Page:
Trainer Spotlight: Meet Andra Tănase

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This week’s trainer spotlight brings you Andra Tănase, senior trainer at PATRIR with a wide international experience.  We are happy to have Andra join us as one of the main trainers at Global Youth Rising 2016.

Dear Andra, tell us a bit about yourself. What is your background?

 I am a last pioneer. Yes, my background is being born early enough to still experience the Romanian communist regime and late enough not to be damaged by it, on the contrary to be able to use this experience as a reflection point and comparison to everything else that followed: my living the “TV Revolution” from my grandparents’ home, my exploring the first school clubs on human rights and then leaving when I was 16 on a scholarship to a UWC (United World College. That moment meant my leap into the ‘world huggers’ (not only tree huggers) world …a community of active citizens, humanists, peace workers, non-formal and non-conformist realistic dreamers which I have become addicted ever since and which I consider the normality of our days and our future.  So at 16 I travelled to Duino, Italy to attend a school and community of 200+ students, teachers and staff coming from more than 80 countries and found myself immersed in great practical academic subjects, meaningful community service, passionate art activities and daring sports. That for me was peacebuilding in the truest sense of the world, and peace education in the truest sense of the world.  Later on I went to Macalester and UN mandated University for Peace ( UPEACE ) and it was at UPEACE in Costa Rica that I found out about PATRIR.

How did you start working with PATRIR? When, why, how did it evolve and what motivated you to stay?

So, as a soon-to-be graduate I was intrigued by finding out in my home country out of all places a Peace Institute, with close links to some of the most referential figures in peacebuilding an organization which became home very soon in 2005.  And home in a very true sense of the world, as I came back and lived for a month or so in the livingroom of the two founders of the organization J So, yes, this very open, generous, encouraging, inspiring, and family-like environment motivated my stay with PATRIR for more than 10 years now, time in which I have worked as IPDTC training center coordinator, trainer, project manager, educator, volunteer, director of IPDTC, director of Youth Peacebuilding Center, director of PATRIR and now Council of Directors member, trainer and researcher. I leave aside the unofficial functions and skills to be discovered at the GYR! 🙂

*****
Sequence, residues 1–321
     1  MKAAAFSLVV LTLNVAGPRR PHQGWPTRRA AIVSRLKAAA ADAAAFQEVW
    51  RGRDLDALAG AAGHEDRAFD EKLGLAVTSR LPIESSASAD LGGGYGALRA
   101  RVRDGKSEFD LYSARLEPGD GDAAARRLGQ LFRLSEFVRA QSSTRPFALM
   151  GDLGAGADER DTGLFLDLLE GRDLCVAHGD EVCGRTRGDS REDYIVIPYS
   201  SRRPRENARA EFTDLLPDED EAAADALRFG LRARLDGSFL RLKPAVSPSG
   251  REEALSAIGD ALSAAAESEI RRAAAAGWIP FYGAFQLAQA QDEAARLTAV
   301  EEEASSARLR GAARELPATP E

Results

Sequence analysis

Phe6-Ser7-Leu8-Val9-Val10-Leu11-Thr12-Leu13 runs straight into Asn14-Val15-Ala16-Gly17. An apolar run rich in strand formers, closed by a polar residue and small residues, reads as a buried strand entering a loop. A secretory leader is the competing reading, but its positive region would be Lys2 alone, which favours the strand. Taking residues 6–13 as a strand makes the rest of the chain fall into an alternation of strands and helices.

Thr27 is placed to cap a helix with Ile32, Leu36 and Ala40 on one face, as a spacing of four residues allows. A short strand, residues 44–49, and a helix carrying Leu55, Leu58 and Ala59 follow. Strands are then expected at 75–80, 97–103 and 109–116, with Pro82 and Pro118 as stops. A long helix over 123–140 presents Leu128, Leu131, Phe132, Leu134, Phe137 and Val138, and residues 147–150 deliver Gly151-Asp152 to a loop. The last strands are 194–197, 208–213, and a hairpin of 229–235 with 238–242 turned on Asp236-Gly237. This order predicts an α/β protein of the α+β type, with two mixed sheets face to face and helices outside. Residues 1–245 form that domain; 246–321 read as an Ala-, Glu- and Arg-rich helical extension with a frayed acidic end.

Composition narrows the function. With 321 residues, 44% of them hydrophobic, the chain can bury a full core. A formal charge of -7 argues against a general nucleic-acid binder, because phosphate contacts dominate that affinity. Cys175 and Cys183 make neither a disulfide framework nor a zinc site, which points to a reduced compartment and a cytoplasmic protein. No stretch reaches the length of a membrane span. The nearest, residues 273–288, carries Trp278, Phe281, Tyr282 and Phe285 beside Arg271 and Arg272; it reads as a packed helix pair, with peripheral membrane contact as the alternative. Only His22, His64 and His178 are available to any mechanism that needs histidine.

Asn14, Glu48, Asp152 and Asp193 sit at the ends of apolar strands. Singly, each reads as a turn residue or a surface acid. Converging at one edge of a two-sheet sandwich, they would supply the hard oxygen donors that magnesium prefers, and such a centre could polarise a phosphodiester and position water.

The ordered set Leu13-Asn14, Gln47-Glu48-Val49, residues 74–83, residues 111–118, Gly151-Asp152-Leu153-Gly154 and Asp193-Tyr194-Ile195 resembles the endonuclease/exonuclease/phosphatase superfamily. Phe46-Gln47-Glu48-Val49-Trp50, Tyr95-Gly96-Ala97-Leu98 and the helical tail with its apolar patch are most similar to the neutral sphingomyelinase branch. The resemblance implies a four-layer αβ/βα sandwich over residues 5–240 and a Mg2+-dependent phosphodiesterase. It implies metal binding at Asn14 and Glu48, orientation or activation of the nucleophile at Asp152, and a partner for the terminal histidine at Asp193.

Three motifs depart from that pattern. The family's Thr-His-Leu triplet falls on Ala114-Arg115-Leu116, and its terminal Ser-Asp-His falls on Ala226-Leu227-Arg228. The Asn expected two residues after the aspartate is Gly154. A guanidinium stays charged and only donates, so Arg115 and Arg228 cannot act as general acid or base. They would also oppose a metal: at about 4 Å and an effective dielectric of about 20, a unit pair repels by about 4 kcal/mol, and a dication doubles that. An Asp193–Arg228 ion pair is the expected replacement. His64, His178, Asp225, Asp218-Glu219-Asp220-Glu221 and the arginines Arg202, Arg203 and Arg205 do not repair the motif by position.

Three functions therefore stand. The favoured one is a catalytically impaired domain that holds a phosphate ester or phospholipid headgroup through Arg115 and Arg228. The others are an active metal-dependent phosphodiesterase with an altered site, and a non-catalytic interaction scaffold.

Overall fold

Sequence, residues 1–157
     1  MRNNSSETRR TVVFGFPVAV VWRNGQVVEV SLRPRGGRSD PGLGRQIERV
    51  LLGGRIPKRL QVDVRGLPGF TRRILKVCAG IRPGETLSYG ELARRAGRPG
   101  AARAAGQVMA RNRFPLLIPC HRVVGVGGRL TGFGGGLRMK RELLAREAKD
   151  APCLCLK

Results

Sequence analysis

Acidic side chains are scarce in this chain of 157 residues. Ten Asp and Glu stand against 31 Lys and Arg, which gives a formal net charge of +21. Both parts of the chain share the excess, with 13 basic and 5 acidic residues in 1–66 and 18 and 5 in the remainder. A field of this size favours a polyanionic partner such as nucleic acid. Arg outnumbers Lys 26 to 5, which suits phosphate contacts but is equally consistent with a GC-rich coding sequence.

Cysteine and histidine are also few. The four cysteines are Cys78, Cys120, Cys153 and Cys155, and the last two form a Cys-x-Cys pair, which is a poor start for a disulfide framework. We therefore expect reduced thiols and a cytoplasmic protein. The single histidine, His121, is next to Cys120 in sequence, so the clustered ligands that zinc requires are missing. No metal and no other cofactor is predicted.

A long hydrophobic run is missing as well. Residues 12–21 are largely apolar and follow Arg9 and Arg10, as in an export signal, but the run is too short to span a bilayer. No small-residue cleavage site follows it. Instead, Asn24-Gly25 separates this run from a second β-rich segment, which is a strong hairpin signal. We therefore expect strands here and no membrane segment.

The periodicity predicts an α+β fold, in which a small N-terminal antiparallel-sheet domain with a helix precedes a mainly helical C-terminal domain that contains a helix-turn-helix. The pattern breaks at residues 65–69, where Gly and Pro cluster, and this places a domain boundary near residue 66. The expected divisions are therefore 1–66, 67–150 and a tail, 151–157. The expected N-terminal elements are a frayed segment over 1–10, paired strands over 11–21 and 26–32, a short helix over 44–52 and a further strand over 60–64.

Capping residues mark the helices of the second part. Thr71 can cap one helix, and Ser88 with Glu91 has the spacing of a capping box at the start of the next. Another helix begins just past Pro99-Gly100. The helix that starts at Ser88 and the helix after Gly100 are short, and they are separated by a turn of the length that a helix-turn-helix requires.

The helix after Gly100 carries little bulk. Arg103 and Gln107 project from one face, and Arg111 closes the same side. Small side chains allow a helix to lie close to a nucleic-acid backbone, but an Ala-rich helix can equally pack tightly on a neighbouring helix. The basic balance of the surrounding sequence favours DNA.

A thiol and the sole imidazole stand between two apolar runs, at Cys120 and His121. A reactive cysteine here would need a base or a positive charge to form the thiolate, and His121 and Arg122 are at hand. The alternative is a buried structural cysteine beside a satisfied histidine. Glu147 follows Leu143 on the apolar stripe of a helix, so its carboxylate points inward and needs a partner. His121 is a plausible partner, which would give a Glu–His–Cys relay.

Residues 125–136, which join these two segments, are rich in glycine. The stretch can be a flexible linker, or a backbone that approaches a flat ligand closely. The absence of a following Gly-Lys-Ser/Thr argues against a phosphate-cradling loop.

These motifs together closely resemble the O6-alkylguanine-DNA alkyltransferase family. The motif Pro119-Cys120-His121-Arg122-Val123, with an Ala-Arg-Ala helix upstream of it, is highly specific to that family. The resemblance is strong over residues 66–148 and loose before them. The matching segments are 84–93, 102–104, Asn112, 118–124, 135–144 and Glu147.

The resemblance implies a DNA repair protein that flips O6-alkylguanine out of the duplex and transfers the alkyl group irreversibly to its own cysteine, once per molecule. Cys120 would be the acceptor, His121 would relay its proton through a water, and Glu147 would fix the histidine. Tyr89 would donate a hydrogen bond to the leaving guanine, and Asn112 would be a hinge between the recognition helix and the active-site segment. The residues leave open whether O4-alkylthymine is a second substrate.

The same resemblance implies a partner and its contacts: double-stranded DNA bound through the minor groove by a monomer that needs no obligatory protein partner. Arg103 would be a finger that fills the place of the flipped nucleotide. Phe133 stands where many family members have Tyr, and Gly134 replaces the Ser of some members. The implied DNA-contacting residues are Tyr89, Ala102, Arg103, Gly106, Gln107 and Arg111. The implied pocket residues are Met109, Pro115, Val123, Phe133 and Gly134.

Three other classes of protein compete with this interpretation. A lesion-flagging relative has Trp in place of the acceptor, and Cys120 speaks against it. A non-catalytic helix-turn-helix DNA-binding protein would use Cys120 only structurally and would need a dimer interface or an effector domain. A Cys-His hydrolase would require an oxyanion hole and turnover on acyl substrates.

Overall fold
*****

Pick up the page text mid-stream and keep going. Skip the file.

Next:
Did you ever have something extraordinary happen during your trainings? A favourite moment, something that you will always remember? What did you learn from it?

I will keep it short: the most extraordinary thing that happens in almost all the training programmes is the human connection, the joint discovery of being on the same path that builds with passion and professionalism a reality that should represent the normality of every individual on the face of the planet, yet it is sooo distant yet from the cultural, structural and direct fiber of our society.  When that connection happens, when a tool (be it a Designing Peacebuilding Programmes path, the Conflict and Violence Triangle, the Living Library exploration or the Fist Exercise) emerges participants in an a-ha moment and then into working together with dedication to planning better peacebuilding that is extraordinary.  And even though some programmes are less spectacular than others the existence of that spark in at least one person, made me learn that it is WORTH IT!  Not to mention the tears and giggles that go through my heart and mind when I see those tools (re)applied and reflected in all corners of the world.

What are you currently working on? What is the best part of this job?